Unlike mail, all packages are searched. If an item in a package is confiscated, written notice and a statement of the reasons why the item was confiscated should be given to the incarcerated person and to the Board of Correction, an agency that oversees the city jails. Note: you cannot send money to a person in a city jail in cash form, but you can send money orders or cashier’s checks. For more information about sending money to a person in custody, learn more here.
Packages in the New York State Prisons
The rules about sending packages to people in NYS prisons can be found here.
The New York State prison system has already tried to limit packages so that items can only be sent to people in custody by family or friends if ordered from a “secure vendor.” This is extremely costly to friends and families and imposes severe limits on what can be sent to incarcerated people. We spearheaded the fight to stop this practice, but it is possible that prison officials will try to impose similar restrictions in the future. Please contact the Prisoners’ Rights Project if you hear of or experience any such restriction on packages.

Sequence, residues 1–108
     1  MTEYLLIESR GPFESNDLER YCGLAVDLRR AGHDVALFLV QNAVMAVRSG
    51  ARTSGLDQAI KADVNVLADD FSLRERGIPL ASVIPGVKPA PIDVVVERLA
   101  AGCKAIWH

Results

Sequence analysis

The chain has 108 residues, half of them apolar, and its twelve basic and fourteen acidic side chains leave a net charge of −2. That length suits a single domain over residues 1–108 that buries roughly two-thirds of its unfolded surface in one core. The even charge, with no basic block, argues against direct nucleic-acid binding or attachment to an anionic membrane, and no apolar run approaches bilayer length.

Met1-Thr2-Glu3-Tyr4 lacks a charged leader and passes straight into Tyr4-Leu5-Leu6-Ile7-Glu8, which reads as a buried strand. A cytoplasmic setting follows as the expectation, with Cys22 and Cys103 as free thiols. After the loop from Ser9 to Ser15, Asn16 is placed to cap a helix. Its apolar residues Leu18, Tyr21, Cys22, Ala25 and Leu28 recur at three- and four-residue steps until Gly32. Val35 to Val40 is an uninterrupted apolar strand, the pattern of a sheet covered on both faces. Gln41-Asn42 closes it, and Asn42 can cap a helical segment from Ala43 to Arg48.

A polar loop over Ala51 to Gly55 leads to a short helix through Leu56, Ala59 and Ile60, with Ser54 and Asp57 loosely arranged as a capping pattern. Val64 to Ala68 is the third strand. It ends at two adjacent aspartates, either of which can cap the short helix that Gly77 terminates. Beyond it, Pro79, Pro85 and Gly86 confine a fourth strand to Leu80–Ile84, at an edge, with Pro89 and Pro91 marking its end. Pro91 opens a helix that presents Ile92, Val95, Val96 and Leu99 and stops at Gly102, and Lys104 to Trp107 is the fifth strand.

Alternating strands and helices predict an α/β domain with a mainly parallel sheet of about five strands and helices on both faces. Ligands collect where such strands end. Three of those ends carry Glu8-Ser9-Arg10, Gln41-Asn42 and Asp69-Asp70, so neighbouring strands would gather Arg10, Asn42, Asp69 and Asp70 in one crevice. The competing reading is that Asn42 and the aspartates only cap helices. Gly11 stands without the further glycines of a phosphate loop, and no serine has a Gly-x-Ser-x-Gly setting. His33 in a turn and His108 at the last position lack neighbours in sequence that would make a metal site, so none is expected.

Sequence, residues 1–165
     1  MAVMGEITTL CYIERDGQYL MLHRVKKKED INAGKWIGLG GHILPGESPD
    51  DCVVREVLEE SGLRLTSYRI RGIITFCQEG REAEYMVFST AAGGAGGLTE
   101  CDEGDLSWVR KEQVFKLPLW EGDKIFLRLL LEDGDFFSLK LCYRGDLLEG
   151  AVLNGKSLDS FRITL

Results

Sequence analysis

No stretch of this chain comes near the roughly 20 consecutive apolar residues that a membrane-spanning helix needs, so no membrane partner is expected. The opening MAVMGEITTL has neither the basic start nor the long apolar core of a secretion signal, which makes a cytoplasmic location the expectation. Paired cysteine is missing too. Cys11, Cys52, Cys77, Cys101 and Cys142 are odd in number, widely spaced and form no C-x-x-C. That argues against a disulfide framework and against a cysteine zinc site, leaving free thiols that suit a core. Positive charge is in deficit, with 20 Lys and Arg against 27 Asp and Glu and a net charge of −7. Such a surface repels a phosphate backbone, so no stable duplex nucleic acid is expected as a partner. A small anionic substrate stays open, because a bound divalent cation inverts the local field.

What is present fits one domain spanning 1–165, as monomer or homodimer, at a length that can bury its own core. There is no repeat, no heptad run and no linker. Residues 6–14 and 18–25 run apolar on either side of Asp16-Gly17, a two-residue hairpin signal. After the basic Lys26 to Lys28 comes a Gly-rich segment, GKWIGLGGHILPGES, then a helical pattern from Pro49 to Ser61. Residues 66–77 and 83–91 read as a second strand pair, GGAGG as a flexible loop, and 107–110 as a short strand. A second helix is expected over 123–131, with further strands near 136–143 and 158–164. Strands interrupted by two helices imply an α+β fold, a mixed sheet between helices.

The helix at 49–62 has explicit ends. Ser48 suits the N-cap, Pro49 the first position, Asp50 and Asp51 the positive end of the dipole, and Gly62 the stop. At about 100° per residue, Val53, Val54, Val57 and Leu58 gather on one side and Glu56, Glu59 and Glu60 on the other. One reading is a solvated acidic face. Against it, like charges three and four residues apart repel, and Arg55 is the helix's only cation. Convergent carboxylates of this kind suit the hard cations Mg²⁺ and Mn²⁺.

Books/Newspapers/Printed Materials in New York City Jails
In the New York City jails, there are no limits on the number of publications a person in custody can receive, but incoming publications are searched as part of the package policy. Materials coming into prison can’t be censored because officials disagree with the view being expressed. Access can only be limited to materials that jeopardize prison safety or security, describe how to build weapons, or instruct people on how to escape or break the law, or contain explicit pornography. Restrictions can’t be arbitrary and should be narrowly tailored. If jail officials do censor some or all of a publication, written notice and a statement of the reasons why the item was censored should be given to the incarcerated person and to the Board of Correction, an agency that oversees the city jails.